As the 2016 Drucker Forum Abstract notes: entrepreneurship is “an activity once regarded as peripheral, even suspect, but now ‘cool’ and celebrated by politicians”. Entrepreneur, a charming word borrowed from old French, came into economists’ discourse around the time Adam Smith was writing. It has a positive uplifting feel, entrepreneurs and entrepreneurship are ‘good’ – who is going to say we need less of them? But the term carries burdens that loom as our global socioeconomy changes.
First, since the time of Cantillon (who used the term in its modern business-oriented sense in 1732) business has become vastly more important, pushing back against lineage, religion, and political maneuver as sources of social and economic power. Thus entrepreneurship is foundational to democratic capitalism, another ‘good’.
Second, and a topic in Drucker’s writings, entrepreneurs are a ‘good’ as they push back against large-scale corporatism, advancing capitalist democracy to its ‘next phase’. The general view, framed by 19th century Anti-Trust activists, revelations about ‘robber barons’, and especially by Berle & Means in 1932, is that large corporations have become too influential to serve our socio-economy well, being run by un-elected self-interested managers who maximize shareholder wealth rather than social benefit.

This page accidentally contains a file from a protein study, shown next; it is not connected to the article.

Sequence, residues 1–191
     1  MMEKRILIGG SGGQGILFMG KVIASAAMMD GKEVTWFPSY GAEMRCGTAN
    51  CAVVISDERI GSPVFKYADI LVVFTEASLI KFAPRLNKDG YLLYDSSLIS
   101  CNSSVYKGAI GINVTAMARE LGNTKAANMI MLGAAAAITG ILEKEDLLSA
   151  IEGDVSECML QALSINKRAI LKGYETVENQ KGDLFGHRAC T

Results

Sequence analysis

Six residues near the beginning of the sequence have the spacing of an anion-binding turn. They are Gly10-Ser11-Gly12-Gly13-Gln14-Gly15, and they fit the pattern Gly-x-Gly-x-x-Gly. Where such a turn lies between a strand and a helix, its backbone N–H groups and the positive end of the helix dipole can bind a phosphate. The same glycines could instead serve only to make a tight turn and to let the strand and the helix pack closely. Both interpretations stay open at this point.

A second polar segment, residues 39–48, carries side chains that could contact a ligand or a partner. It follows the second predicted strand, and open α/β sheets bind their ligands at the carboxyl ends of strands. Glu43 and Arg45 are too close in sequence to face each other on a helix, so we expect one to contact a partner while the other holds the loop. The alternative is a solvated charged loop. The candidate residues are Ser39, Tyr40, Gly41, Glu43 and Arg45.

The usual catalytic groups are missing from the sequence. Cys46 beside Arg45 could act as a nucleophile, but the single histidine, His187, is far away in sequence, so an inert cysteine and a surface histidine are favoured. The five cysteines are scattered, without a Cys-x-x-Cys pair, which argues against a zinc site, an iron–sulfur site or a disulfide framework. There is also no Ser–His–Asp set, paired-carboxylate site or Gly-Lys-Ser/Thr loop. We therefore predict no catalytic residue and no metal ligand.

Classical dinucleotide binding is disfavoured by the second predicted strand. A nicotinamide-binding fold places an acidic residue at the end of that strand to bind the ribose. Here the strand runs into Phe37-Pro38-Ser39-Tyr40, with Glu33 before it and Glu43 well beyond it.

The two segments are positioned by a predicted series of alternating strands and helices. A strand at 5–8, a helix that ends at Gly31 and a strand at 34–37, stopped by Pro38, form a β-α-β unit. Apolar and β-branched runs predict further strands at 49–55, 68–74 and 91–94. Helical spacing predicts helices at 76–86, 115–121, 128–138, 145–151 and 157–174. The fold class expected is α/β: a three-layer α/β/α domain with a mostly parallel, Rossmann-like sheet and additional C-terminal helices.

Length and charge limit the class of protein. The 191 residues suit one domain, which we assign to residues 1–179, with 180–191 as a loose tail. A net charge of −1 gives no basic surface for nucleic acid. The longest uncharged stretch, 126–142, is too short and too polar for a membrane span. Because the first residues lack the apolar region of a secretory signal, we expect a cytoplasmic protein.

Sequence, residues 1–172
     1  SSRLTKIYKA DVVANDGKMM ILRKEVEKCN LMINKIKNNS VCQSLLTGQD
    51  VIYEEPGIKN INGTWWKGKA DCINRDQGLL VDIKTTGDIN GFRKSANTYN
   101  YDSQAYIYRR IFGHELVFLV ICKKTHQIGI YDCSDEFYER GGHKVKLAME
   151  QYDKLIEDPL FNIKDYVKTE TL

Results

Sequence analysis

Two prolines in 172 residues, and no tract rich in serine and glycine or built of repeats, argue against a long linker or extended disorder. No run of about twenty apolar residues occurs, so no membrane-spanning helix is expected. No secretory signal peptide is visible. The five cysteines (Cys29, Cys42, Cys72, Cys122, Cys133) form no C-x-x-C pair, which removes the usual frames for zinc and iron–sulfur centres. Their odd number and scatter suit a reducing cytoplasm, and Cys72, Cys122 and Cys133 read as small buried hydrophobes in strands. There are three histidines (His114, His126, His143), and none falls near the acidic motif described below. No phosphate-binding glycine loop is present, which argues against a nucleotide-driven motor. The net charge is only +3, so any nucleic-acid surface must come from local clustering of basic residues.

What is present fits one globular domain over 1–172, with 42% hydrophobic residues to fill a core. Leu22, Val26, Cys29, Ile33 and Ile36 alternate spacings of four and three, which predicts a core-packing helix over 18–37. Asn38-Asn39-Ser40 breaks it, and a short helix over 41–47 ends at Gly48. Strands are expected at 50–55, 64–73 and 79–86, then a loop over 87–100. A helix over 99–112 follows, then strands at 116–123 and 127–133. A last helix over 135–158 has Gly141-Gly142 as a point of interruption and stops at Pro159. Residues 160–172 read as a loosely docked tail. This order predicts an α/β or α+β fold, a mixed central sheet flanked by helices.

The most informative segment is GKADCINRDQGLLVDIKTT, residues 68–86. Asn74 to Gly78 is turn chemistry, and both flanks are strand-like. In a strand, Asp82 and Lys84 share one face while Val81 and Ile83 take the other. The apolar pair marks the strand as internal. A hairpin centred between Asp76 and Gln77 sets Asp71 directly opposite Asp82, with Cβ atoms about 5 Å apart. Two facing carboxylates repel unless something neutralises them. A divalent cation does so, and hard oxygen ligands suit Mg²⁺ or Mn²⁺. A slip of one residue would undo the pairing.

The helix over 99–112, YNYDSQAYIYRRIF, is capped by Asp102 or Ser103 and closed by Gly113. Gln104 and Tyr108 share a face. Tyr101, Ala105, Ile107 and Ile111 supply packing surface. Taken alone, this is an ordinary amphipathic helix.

Entrepreneurship suggests a different kind of socioeconomy with higher aims – Entrepreneurial Society and its ‘creatives’. These urge increased freedom for individual entrepreneurs and the development of ‘entrepreneurial culture’ in existing corporations; so advancing capitalist democracy towards greater growth and ‘lifting all boats’.
Familiarity covers up important details. Cantillon’s entrepreneur was an individual (like himself, a rich Parisian banker) who spots an opportunity for ‘arbitrage’ – buying low and selling high. This is about information and its availability. Long before the Internet and ‘high speed trading’ many bankers had ‘private’ sources about what might tilt the economy, a pigeon carrying news of Waterloo being a famous (and scurrilously Anti-Semitic) legend.